U.S.-supplied cluster bombs terrorizing civilians in Yemen
Human Rights Watch issued a damning report yesterday offering new evidence that Saudi Arabia has been using U.S.-made and -supplied cluster munitions on civilians in war-torn Yemen, despite a nearly universal global ban on the weapons. Their use may violate both international and United States law, HRW pointed out.
The report, which includes photographs showing unexploded U.S. cluster bombs in Yemen, is putting new pressure on the United States over support for its close ally Saudi Arabia, at a time when an international campaign is growing for a moratorium on arms transfers to the human rights-abusing dictatorship.
“The Americans have sold arms and furnished training and expertise to a Saudi-led coalition that has faced widespread criticism for what rights groups call an indiscriminate bombing campaign against Yemen’s Houthi rebels in nearly a year of fighting,” the New York Times reported.
As Human Rights Watch documented:
Recently transferred US-manufactured cluster munitions are being used in civilian areas contrary to US export requirements and also appear to be failing to meet the reliability standard required for US export of the weapons. …
Human Rights Watch believes the Saudi Arabia-led coalition of states operating in Yemen is responsible for all or nearly all of these cluster munition attacks because it is the only entity operating aircraft or multibarrel rocket launchers capable of delivering five of the six types of cluster munitions that have been used in the conflict.
Cluster bombs contain submunitions, or bomblets, that disperse widely and kill indiscriminately, especially when used in civilian areas. Many bomblets can fail to explode, effectively becoming landmines that continue to pose a threat to civilians for years to come.
Steve Goose, arms director at Human Rights Watch and chair of the international Cluster Munition Coalition, noted that the use of these weapons violates international norms. “Saudi Arabia and its coalition partners, as well as their US supplier, are blatantly disregarding the global standard that says cluster munitions should never be used under any circumstances,” he said. “The Saudi-led coalition should investigate evidence that civilians are being harmed in these attacks and immediately stop using them.”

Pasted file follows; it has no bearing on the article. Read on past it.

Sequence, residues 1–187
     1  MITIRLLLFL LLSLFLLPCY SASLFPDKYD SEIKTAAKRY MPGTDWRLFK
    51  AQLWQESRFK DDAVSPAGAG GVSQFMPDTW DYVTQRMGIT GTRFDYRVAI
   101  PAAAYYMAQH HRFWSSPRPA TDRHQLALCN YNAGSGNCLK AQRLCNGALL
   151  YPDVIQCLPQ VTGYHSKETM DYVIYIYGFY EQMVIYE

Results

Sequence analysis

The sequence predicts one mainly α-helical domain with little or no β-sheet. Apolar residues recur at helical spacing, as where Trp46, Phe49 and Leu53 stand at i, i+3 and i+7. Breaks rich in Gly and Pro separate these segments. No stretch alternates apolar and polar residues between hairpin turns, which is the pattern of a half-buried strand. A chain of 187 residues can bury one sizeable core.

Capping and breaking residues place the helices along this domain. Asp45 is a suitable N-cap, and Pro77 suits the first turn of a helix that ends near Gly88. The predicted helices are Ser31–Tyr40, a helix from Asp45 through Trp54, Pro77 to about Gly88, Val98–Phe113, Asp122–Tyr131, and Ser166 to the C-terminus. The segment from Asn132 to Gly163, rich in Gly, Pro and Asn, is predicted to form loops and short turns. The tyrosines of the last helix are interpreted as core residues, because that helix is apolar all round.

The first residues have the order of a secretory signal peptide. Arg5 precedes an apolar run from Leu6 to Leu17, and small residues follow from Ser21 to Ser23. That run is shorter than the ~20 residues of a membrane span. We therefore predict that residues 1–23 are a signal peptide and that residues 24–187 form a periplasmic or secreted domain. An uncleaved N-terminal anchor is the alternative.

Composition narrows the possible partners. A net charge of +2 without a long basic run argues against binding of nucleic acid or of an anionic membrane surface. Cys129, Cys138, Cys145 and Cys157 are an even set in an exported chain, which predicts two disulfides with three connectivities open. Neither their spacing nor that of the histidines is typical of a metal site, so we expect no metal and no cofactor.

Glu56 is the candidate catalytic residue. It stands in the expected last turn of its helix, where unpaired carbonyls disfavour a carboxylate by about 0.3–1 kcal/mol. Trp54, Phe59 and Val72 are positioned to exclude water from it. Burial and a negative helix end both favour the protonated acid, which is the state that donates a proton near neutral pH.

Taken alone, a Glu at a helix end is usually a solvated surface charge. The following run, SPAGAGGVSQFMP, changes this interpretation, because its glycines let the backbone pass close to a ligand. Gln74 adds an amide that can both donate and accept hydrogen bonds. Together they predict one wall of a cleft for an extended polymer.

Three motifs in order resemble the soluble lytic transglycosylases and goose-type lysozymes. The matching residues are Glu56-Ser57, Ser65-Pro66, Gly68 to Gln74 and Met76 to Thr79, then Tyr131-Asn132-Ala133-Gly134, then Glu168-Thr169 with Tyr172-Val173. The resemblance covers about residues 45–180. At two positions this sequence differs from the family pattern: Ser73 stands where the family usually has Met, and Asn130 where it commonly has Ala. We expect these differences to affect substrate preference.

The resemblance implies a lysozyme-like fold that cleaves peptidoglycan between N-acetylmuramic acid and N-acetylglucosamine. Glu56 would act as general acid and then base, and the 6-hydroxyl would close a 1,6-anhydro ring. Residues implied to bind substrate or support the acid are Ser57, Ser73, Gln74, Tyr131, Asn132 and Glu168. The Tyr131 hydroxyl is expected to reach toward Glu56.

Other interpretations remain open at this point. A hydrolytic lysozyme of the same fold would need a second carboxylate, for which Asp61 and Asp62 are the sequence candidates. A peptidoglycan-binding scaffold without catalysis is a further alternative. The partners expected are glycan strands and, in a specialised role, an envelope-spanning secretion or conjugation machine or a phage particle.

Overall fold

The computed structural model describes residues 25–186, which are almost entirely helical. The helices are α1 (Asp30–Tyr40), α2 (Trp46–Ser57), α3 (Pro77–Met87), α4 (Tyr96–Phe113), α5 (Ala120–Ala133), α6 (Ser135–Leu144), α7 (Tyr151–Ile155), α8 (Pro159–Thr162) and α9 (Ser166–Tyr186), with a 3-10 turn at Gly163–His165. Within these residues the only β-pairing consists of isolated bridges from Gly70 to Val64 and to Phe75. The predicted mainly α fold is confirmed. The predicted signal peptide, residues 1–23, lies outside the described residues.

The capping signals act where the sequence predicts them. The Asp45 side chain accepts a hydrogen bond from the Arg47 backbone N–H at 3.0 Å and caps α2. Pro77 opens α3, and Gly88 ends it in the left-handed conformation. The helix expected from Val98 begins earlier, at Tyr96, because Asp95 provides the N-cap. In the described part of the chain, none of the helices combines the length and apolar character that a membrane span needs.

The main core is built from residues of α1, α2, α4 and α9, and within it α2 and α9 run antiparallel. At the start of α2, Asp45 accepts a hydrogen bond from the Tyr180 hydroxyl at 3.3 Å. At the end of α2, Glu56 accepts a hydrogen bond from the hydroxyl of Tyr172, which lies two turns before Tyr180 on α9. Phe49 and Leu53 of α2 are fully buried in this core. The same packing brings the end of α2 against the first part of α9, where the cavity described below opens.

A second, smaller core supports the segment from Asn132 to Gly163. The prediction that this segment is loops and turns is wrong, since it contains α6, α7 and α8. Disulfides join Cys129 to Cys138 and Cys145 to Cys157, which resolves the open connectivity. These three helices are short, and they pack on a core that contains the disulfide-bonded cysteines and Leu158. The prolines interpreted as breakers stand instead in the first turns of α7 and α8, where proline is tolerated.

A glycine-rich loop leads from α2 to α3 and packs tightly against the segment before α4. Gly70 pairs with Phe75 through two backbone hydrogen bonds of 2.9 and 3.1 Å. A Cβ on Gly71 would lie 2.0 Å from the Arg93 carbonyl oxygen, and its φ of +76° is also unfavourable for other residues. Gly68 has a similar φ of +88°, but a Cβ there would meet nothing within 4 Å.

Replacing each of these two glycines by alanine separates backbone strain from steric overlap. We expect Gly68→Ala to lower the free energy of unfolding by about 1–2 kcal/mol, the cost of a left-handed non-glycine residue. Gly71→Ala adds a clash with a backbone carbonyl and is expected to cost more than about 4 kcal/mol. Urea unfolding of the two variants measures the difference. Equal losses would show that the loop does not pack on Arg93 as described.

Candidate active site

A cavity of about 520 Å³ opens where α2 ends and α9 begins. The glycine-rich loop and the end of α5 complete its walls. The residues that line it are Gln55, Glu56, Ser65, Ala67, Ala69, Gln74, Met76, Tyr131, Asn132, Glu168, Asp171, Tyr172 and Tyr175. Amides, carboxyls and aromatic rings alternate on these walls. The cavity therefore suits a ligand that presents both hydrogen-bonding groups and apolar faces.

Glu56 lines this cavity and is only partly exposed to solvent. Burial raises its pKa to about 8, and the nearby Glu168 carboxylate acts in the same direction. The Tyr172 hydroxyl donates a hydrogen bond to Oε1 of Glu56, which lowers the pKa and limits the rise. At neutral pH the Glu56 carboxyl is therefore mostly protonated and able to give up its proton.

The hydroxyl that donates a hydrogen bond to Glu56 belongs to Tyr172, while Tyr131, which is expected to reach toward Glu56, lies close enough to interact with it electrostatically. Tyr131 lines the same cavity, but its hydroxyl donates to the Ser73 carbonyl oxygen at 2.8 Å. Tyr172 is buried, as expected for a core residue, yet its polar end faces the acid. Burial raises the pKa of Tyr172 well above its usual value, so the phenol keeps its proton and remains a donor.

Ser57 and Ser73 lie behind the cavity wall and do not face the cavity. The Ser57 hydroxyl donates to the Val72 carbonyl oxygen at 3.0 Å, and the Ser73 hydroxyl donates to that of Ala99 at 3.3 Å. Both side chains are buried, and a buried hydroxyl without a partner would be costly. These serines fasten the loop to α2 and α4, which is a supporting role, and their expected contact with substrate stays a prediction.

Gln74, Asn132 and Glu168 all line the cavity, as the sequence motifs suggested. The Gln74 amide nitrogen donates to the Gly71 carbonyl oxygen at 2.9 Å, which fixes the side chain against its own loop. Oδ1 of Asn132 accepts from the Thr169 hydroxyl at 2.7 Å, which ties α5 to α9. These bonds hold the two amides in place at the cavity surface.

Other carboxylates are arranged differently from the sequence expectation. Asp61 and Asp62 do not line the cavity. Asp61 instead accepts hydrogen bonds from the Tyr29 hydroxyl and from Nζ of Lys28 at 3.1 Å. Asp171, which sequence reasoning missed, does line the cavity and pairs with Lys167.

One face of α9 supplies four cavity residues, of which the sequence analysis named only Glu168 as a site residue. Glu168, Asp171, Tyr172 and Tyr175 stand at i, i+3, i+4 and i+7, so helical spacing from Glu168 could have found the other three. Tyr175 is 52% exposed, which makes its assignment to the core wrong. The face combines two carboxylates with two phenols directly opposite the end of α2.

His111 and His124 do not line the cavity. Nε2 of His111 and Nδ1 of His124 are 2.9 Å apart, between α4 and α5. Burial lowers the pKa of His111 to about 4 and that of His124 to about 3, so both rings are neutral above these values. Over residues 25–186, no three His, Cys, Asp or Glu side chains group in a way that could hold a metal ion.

John Kirby, the State Department spokesman, said in a statement Sunday night: “We have seen the Human Rights Watch report, and are reviewing it. Obviously we remain deeply concerned by reports of harm to civilians and have encouraged the Saudi-led coalition to investigate reports of civilian harm.”
While HRW points out that any use of any type of cluster munition should be condemned, there are two additional disturbing aspects to the use of the particular model being used in Yemen – CBU-105 Sensor Fuzed Weapons – which are notoriously unreliable, leaving unacceptable amounts of unexploded ordinance on the ground to terrorize civilians for years to come.
“First, U.S. export law prohibits recipients of cluster munitions from using them in populated areas, as the Saudi coalition has clearly been doing,” HRW said. “Second, U.S. export law only allows the transfer of cluster munitions with a failure rate of less than 1 percent. But it appears that Sensor Fuzed Weapons used in Yemen are not functioning in ways that meet that reliability standard.”
The Convention on Cluster Munitions was adopted in Dublin on May 30, 2008 by 107 states and signed in Oslo on Dec. 3, 2008. It became binding international law when it entered into force on Aug. 1, 2010. A total of 118 states have joined the Convention, as 98 States parties and 20 Signatories.
In the treaty, states parties have agreed to never use cluster munitions, nor “develop, produce, otherwise acquire, stockpile, retain or transfer to anyone, directly or indirectly, cluster munitions,” nor “assist, encourage or induce anyone to engage in any activity prohibited to a State Party under this Convention.”
The U.S. is one of the few remaining holdouts, one of what the international community calls the “dirty dozen of cluster munitions.”
In a Jan. 12 letter to President Obama, Megan Burke, the director of the Cluster Munition Coalition urged him to “demand that Saudi-led coalition members stop using cluster munitions,” and said the United States “should investigate its own role in the recent strikes.”
To add your name to an Avaaz petition calling on world leaders “to stand up and say ‘NO’ to Saudi Arabia and their atrocities,” click here.
Another U.S.-based petition, calling on Washington to “Stop Supporting – and Start Punishing – Saudi Arabia” is available here.